Throughout the 70's I made various attempts at making a solo album. I always wrote
songs at home and recorded them in demo form, but whenever I went into a full blown
studio situation ... It just never worked some reason. Working with session musicians
I found difficult as it was hard to communicate my ideas generally.
Shortly after putting Konk Studios together with Ray and Mick, I was the only one
of the three of us that really knew how to work the equipment properly. I experimented
on a few tracks ... 'Midnight Sun', 'How can I love you' ... which I still have really
rough versions of somewhere, among many others. At one point around 1974 (Konk Records
period) I decided to go into the studios with producer/engineer Phil McDonald. Phil
had worked on some Beatles material and I booked studio time at Apple Studios. Although
the Apple organization was dismantling, the studios were still operating in Saville
Row. The session seemed okay. I used a drummer who was a really sweet guy who had
worked with a band John Gosling (Baptist) and I were producing at Konk called 'Cafe
Society'. They were a talented singing trio who wrote some good songs.
We worked on two songs that day ... 'You've Got It Made' ... I recently found
a rough instrument demo of this. The other title was a song I had been working on
for some time called 'Long Lonely Road'. It was quite a heavy rock piece in three
parts ... maybe one day I will put out the ruff mix of it in some form.
There were many other demos and stuff I had put together before Ray and I found ourselves
with a Kinks album to make and virtually no band to make it with. Gosling and Pyle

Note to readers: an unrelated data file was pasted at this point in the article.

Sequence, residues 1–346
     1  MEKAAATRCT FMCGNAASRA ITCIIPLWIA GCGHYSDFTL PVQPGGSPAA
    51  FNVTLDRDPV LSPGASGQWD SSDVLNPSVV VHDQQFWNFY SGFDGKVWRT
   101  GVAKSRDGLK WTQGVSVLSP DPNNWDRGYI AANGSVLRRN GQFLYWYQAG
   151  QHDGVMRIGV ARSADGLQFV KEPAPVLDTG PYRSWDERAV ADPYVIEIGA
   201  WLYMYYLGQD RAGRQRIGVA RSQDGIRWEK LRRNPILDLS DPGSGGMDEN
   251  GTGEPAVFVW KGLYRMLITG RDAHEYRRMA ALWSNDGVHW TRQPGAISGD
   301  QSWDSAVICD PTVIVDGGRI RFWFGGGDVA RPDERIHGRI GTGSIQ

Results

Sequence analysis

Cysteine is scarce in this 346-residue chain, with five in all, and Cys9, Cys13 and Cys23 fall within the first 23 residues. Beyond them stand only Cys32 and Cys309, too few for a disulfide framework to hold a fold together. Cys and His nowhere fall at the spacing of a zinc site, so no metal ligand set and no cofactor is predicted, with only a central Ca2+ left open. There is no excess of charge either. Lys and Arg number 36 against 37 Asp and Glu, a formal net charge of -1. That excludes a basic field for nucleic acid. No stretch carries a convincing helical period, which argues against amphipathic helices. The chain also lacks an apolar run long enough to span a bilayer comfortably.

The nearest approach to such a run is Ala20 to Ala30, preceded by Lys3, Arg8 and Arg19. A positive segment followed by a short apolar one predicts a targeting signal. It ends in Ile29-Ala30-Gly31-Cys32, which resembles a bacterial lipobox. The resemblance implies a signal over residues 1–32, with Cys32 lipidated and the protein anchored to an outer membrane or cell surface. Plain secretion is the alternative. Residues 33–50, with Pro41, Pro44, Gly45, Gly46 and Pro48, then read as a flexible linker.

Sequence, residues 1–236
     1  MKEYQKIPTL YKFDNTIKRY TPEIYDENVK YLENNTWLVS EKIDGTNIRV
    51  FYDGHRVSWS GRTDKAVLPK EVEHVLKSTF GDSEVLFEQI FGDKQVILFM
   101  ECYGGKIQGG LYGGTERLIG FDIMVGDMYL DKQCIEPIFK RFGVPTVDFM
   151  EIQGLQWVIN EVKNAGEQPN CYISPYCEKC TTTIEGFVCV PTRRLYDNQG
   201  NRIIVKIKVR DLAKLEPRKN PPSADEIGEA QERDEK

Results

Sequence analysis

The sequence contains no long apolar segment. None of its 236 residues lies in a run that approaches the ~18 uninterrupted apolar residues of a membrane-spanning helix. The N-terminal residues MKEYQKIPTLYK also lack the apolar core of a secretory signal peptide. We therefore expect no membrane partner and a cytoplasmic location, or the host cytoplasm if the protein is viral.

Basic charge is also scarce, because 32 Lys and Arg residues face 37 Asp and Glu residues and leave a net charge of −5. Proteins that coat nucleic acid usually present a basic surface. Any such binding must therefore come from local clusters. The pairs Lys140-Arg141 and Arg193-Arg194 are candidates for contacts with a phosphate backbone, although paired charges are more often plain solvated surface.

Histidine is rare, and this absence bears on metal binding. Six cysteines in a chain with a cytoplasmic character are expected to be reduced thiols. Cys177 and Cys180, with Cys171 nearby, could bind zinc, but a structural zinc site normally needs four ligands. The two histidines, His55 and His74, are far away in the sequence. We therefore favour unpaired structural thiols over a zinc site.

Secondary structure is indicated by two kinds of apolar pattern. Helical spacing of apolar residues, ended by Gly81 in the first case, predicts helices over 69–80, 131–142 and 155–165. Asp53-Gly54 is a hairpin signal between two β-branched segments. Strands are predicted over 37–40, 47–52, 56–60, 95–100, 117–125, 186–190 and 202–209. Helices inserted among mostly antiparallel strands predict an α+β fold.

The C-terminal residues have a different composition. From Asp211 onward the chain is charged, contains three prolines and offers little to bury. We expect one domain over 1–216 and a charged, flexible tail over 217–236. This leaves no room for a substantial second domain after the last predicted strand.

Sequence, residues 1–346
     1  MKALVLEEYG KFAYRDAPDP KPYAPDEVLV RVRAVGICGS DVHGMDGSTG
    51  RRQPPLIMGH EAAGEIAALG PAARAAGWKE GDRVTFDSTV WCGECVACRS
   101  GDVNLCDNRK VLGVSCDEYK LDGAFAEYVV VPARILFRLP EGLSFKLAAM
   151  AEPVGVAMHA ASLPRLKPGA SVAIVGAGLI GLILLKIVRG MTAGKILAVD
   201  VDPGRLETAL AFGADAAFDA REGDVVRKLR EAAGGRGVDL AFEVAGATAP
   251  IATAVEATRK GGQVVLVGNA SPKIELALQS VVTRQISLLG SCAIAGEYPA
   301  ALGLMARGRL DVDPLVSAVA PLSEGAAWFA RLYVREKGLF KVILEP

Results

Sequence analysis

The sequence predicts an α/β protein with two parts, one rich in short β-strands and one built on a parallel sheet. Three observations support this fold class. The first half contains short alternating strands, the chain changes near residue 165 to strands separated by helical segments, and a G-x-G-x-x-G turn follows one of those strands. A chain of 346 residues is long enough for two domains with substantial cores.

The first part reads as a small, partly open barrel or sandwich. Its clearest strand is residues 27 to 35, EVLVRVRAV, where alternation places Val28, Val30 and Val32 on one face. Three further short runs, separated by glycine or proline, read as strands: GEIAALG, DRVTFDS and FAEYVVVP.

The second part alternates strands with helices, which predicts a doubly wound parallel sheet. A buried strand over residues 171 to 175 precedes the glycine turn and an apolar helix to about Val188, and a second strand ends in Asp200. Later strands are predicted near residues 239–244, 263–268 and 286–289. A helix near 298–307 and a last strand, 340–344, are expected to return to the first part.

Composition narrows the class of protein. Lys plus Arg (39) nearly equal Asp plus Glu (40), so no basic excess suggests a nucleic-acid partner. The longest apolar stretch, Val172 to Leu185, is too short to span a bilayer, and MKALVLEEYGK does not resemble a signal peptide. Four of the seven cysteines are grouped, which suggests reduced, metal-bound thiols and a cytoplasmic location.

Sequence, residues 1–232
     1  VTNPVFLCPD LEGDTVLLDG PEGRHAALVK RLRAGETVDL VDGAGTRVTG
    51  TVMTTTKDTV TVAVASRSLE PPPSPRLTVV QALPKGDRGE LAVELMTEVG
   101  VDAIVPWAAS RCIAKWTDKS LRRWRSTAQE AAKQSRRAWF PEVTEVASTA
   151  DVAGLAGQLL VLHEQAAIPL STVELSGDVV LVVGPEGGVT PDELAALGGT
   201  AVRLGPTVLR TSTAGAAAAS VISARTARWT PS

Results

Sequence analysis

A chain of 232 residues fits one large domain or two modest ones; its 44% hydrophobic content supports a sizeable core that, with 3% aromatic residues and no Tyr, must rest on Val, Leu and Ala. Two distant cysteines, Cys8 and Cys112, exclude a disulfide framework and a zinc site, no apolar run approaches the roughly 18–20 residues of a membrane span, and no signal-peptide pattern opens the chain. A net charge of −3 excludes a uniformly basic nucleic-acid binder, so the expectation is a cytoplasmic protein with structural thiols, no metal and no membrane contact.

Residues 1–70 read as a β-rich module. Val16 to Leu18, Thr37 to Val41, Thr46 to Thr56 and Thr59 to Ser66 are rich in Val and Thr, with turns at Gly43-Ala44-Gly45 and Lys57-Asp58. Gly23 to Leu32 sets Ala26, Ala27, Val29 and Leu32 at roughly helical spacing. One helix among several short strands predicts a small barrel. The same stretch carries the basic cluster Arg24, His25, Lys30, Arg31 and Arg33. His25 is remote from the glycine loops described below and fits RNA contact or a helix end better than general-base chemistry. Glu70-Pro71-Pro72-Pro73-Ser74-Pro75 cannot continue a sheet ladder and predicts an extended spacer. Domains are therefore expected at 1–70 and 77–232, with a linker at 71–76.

had left and Mick was disheartened . This had left us in a bit of a vacuum. This
could of been the end of the Kinks. But as usually despite our up and down relationship,
Ray and I pulled together and eventually after a long slog made the 'Misfits' album.
Just prior to the recording of Misfits, I had done some recording with a great 'feel'
drummer ... Nick Trevisick. He was also a songwriter and I got on really well with
him. I wrote a song during some sessions we did called 'Trust Your Heart'. Other
songs from that session were 'Islands' and 'Give You All My Love'. They were recorded
as a three piece with Pyle on Bass. I always liked working with a three piece. For
some reason the sounds seem 'bigger'.
Ray had started writing this beautiful song called 'Rock 'n Roll Fantasy'. I suggested
that Nick played drums on it as I realized that he had the right sensitivity for
the song. In the end I think it worked just great. After working with Nick Trevisick
on some other recordings and with a bass player who I had used on the 'Andy Desmond'
album which I had produced earlier on the Konk Label with Gosling, I finally felt
that 'now' I had material I could really get my teeth into.
I recorded some music with them that was to form the basis of the 'AFL' album ...
Move Over, Wild Man, See The Beast, Where Do you Come From, Run and two still unreleased
recordings ... 'Heartbreaker' and 'Within Each Day'. Other songs just didn't work.
They just didn't feel 'internal' enough. So I decided in the end to play all of the
instruments myself like I would on a home demo. This felt so much better as I could
kind of gently let the songs out of myself this way. I finished the album with the
help of a great engineer John Rollo and finally I had an album I was happy with!
'In You I Believe' is still one of my favorite tracks from that period. I felt exhilarated.
It was a great experience. © Dave Davies 1998
RCA executives salute Mr. AFL1-3603